- Are there any other fees? As mentioned, no-annual-fee credit cards often still have other fees (e.g., foreign transaction fees or late fees). Don’t forget to take these other fees into account.
- What is the APR? Before you get a no-annual-fee credit card, check the various APRs that apply. There will probably be different APRs for different purposes (e.g., purchase APRs, balance transfer APRs, or promotional APRs). You’ll want to know how much interest you’ll rack up if you end up carrying a balance at the end of the month.
- What are your spending habits? If you’re planning to use your credit card to earn points, get a rough idea of how much you spend per month on various types of purchases (e.g., groceries, gas, or dining out). Some credit cards have different rewards rates for different categories; if you have an idea of the categories where you spend the most, you’ll be able to work out where you might have chances to earn cashback rewards.
- What benefits are on offer? Credit cards often come with extra benefits and perks like cellphone insurance, travel insurance, exclusive discounts, free FICO scores, and more. Decide how valuable these are to you, compare the offerings from various different card issuers, and then factor any benefits into your decision about which credit card to get.
- Are there any welcome offers? Not all no-fee credit cards have welcome offers, but some do, and they can be very lucrative in the short term. For example, some credit cards offer bonus cashback rewards worth hundreds of dollars in the first few months. These kinds of offers aren’t the most important consideration when you’re getting a credit card, but they could be a tiebreaker if you’re torn between multiple similar cards.
FAQs About Credit Card Annual Fees
Are credit cards with annual fees worth it?
Yes, credit cards with annual fees can be worth it.
It may be worth paying an annual fee if, for example, your card gives you a lot of perks and benefits that outweigh the annual fee.
Can I get my credit card’s annual fees waived?
Sometimes a credit card will waive your annual fee automatically for the first year of borrowing.
Other times, you’ll have to call your card issuer and make a special request for them to waive your fees. It certainly doesn’t hurt to ask your card issuer about this—and it may occasionally work in special circumstances—but they won’t necessarily agree.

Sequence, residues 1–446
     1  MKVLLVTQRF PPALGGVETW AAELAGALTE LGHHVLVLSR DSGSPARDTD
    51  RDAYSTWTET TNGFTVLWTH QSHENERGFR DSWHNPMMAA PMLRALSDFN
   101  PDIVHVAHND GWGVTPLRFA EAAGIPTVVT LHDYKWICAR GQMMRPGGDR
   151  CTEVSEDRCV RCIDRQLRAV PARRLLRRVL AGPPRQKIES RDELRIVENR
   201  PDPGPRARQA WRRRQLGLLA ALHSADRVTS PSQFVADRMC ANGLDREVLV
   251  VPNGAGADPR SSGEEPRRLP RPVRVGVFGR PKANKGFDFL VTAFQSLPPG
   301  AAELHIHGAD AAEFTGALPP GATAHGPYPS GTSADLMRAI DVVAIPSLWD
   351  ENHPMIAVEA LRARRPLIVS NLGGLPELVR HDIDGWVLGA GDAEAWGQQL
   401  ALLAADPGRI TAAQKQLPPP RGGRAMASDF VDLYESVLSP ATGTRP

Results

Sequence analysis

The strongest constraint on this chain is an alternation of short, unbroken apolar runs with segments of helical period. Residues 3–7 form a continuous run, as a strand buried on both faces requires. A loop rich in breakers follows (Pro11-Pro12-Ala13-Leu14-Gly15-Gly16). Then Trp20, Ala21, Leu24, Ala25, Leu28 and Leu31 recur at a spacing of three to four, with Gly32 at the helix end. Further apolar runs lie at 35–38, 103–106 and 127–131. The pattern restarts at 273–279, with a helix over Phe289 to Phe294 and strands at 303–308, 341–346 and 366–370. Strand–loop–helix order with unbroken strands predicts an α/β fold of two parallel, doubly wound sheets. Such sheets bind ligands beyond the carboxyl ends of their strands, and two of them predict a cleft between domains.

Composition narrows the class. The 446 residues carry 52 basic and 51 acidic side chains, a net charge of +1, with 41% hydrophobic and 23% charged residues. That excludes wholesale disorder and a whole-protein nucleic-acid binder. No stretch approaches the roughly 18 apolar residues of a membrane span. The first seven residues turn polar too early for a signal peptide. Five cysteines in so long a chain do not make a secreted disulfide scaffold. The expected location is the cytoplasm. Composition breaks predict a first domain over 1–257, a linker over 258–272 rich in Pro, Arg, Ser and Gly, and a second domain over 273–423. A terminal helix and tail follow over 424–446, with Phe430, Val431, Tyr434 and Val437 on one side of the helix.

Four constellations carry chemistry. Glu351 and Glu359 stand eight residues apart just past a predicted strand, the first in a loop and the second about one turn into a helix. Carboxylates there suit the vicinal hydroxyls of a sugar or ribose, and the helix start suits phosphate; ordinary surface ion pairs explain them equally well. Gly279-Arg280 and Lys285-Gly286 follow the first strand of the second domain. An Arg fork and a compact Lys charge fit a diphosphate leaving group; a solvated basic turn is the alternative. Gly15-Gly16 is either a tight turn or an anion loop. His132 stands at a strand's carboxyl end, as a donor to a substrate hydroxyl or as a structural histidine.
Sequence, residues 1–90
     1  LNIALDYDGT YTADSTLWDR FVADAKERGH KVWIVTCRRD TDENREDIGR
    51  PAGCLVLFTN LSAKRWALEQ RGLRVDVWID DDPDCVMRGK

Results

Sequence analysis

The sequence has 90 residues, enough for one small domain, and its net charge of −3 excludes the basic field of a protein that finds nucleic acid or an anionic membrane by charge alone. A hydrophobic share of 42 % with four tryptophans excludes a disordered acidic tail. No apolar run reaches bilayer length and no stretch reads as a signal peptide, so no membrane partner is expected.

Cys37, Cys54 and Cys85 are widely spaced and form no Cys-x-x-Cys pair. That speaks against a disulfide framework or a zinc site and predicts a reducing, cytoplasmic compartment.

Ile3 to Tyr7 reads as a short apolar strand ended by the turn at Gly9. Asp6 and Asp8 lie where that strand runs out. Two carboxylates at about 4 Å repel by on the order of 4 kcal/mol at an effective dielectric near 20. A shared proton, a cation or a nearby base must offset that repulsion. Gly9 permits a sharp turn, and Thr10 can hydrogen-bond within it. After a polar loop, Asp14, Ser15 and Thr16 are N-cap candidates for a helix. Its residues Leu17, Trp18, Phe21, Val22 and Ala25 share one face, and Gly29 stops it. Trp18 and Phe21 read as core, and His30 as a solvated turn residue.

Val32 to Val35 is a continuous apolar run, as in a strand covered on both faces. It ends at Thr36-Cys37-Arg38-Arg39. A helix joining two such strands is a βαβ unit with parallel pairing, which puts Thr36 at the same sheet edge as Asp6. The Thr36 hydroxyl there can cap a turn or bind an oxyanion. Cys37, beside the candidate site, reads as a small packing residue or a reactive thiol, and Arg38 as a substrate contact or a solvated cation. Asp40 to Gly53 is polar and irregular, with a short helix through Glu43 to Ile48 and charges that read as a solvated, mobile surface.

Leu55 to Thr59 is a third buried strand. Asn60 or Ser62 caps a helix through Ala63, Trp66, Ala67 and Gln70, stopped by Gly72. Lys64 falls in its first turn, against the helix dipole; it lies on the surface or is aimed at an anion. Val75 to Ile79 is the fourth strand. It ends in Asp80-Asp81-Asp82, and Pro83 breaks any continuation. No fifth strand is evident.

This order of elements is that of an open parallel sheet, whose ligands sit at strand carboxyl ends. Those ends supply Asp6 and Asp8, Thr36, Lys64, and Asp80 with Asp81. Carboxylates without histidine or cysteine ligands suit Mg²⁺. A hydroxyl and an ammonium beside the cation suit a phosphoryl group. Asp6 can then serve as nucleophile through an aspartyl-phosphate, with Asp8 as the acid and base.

Any fee waivers will be at the credit card issuer’s discretion and decided on a case-by-case basis, so even if you know someone else that managed to get their annual fee waived, it doesn’t necessarily mean that you’ll be able to.
Can I get a no-annual-fee credit card if I have bad credit or no credit?
Yes, even borrowers with bad credit or no credit can find a credit card with no annual fee.
Of course, there may be other caveats or restrictions for bad credit holders or people with no credit scores.
For example, you may need to provide a security deposit, the APR may be high, or there may be limitations on how you can use your credit card (e.g., store cards are often available to people with fair credit but work only at specific businesses).
How can I apply for a credit card with no annual fee?
Once you’ve found a no-annual-fee credit card that you like, visit the card issuer’s website to find out ways to apply. Frequently, the easiest option is to apply online, although you may also be able to do it in person (e.g., at a bank) or over the phone.
If you already have an account with a card issuer (e.g., because you have one of their other credit cards), you may be able to apply for new credit cards through their app.
When you apply for a new credit card, you’ll usually need to provide personal details like your name, date of birth, Social Security or ITIN number, residential address, monthly income, information about your employment, and other relevant information.
The card issuer will then review your information and usually (although not always) run a credit check on you before giving you a response. The process can take as little as a few seconds or as long as a couple of weeks.